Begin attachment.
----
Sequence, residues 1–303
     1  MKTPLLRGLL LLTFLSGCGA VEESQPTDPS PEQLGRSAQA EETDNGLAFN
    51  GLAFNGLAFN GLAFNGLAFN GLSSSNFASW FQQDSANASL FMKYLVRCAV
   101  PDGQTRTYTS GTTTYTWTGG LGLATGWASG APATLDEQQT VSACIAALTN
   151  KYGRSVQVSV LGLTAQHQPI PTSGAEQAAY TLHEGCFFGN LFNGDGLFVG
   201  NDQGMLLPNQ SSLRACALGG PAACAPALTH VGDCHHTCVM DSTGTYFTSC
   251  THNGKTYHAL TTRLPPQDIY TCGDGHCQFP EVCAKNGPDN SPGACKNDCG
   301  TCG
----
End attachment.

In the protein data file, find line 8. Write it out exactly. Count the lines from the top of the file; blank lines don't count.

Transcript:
   301  TCG